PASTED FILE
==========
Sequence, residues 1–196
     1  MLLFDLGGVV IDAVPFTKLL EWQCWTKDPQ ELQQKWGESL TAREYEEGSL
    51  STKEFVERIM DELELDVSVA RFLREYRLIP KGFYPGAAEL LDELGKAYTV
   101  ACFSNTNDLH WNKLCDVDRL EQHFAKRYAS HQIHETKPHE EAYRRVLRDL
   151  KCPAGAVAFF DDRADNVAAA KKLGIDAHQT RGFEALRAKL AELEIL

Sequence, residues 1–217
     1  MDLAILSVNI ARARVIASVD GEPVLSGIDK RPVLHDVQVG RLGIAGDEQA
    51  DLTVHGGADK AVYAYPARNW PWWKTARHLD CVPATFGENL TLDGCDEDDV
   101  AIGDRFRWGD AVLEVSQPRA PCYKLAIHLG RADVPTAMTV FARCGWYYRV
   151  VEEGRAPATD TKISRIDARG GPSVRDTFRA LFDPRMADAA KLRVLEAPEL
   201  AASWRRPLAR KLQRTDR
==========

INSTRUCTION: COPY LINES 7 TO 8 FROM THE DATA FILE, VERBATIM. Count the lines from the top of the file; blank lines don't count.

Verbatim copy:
     1  MDLAILSVNI ARARVIASVD GEPVLSGIDK RPVLHDVQVG RLGIAGDEQA
    51  DLTVHGGADK AVYAYPARNW PWWKTARHLD CVPATFGENL TLDGCDEDDV